I have read and enjoyed and appreciated many of your posts so I know that you know what you are talking about when it comes to the Model S and cars. But, as you surely know, there is a "General" Discussion that includes: "General Discussion about Tesla Motors, EVs, clean tech and more" This thread is more appropriate to be found there. I can't see why this is more pertinent to Model S as apposed to the Rosdster, Model X or even Model 3.

The future of the company depends on the execution and delivery of outstanding Model X and then Model 3. The way they operate and deliver on the next generation of cars is surely more integral to this conversation than it is soley for the Model S.

J.T. | 2015年6月13日

@PD I give the folks who called me an idiot I read everything you write and the replies and I am not aware of anyone calling you an idiot or questioning your intelligence in any way whatsoever. Pompous, arrogant, condescending, insufferable, sanctimonious, egotistical and of course, smug have all been mentioned but idiot, nope, not once. :-)

AlMc | 2015年6月13日

Good call @PDave: I was in the camp that a capital raise of some sort was in order. If before the X release: Interest bearing, if after a successful X release (with stock going to a new ATH?) then it would be stock offering.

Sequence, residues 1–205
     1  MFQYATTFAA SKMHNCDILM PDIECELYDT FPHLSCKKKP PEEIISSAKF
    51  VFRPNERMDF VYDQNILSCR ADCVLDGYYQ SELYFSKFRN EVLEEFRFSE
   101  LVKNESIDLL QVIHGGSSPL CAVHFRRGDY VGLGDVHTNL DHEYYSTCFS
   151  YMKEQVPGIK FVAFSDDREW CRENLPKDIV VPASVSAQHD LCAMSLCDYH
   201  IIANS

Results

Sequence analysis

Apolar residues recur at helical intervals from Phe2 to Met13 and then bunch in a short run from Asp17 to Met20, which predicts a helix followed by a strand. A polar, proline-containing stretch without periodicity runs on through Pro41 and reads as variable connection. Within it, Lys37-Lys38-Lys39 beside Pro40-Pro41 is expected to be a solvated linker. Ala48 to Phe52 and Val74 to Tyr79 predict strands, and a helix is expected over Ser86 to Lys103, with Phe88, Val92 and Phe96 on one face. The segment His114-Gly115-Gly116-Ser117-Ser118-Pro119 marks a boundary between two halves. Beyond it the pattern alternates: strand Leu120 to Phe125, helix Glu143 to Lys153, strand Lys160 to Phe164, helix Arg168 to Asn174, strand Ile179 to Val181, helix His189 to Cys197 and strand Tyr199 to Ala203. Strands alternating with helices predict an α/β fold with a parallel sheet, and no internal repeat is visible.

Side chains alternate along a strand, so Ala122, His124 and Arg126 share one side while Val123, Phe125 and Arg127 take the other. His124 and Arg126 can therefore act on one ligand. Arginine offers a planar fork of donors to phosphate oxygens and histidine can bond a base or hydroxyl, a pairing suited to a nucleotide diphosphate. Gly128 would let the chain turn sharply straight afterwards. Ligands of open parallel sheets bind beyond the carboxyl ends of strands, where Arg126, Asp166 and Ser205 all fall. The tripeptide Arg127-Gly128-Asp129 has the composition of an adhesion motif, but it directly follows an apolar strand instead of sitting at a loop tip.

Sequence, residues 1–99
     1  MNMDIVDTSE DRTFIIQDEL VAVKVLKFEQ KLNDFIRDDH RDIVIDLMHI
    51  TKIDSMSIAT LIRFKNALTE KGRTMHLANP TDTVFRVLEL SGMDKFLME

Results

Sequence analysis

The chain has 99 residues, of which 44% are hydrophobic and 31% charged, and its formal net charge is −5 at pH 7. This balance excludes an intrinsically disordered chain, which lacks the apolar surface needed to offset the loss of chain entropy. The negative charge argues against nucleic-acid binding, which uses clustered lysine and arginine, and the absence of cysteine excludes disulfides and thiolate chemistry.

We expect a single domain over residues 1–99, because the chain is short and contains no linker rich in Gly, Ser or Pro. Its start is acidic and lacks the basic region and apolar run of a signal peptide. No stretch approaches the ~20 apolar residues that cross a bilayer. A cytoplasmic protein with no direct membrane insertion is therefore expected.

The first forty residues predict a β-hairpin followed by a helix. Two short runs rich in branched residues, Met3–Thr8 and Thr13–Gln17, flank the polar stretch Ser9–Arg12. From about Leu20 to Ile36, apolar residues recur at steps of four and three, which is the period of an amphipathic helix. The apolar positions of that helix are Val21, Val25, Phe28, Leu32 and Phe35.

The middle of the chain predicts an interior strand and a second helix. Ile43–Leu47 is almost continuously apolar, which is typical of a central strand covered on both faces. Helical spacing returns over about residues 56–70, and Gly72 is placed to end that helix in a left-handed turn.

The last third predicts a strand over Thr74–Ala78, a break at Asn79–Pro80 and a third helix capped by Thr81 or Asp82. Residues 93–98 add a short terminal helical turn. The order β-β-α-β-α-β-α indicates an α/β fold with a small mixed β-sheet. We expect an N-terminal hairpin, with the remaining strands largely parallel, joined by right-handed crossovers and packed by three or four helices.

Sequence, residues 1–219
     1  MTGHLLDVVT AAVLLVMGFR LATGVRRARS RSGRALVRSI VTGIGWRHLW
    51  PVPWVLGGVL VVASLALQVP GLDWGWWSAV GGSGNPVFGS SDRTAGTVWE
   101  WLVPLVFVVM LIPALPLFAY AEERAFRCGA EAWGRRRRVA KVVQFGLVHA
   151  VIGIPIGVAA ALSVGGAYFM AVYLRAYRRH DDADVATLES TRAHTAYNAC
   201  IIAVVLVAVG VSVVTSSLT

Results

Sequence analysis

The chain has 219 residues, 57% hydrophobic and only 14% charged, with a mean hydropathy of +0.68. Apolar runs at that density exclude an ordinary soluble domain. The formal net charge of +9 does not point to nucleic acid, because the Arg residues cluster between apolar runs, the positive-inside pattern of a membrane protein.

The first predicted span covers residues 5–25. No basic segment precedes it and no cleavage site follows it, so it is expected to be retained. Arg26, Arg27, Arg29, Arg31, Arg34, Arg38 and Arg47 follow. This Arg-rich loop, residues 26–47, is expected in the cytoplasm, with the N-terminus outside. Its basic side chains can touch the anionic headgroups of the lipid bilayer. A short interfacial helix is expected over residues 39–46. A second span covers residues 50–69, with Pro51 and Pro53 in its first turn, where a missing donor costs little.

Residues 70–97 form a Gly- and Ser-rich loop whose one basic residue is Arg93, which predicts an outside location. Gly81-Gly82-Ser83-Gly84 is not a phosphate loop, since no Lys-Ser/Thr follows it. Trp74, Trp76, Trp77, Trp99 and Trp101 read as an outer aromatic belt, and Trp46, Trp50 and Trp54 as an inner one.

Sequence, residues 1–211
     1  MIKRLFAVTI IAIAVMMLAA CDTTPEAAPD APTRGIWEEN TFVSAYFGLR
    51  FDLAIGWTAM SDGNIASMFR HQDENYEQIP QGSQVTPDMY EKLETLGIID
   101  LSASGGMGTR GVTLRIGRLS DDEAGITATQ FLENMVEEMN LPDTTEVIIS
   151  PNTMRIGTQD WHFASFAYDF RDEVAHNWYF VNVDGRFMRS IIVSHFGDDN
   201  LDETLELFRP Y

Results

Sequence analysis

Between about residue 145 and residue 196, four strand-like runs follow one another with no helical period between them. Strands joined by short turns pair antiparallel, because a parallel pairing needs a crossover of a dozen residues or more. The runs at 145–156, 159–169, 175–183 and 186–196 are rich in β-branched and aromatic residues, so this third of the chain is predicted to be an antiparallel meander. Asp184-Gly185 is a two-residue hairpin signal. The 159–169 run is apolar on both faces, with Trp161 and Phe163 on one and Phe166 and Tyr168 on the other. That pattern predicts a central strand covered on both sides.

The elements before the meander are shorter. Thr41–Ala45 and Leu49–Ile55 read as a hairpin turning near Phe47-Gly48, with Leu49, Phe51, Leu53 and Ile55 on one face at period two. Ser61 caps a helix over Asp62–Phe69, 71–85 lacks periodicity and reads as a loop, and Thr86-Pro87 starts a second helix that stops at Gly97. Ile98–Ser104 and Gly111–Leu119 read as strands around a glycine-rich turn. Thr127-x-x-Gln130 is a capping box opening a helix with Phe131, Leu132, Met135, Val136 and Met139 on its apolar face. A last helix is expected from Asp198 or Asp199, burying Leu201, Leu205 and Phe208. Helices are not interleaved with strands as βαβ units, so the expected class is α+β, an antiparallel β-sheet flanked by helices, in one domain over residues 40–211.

I have NO problem with this move by TM and was my central question for EM at the shareholder's meeting this past Tuesday IF I could have gotten to the mic. (Yes, I am still slightly bitter about not getting a chance to ask the question...but, as usual, I digress. :) )

My theory is a stock offering will be planned after successful X launch/ramp that will bring the price to ATH.

@Brad: You are correct that this belongs in a general discussion area but almost everyone I know and many new threads come into the 'S forum' and is usually the only place I check for new info/debate.

Mathew98 | 2015年6月13日

Dang it @JT. How much coffee have you chucked down this morning?


shop | 2015年6月13日

@brad, face it, this forum is screwed up. No one reads the General forum. If you want nicely compartmentalized forums with all discussions in their proper place, go to TMC.

@PD, it seems the $500m debt offering caught you by surprise? I'm not surprised, they hadn't had much debt before, so it only made sense to put in a line that they can tap if and when needed. And, no, I don't think this is a harbinger of an equity offering before 4Q. Now if the stock price hits $300, then I think Telsa may be opportunistic and do a raise then, but I don't see it before then.

tes-s | 2015年6月13日

They need cash, and banks want some security.

I see no issue for Tesla...or the banks.

negarholger | 2015年6月13日

Also this is a "line of credit"... I see it more as an overdraft protection then outright raising capital.

carlk | 2015年6月13日

A line of credit would give Tesla a cushion to wait for or negotiate the best term when there is a real need. A very smart move that, like always, PD will never be able to understand.

oildeathspiral | 2015年6月13日

PD: I respect your expertise so appreciate your response and the key points. Thank you.

SCCRENDO | 2015年6月13日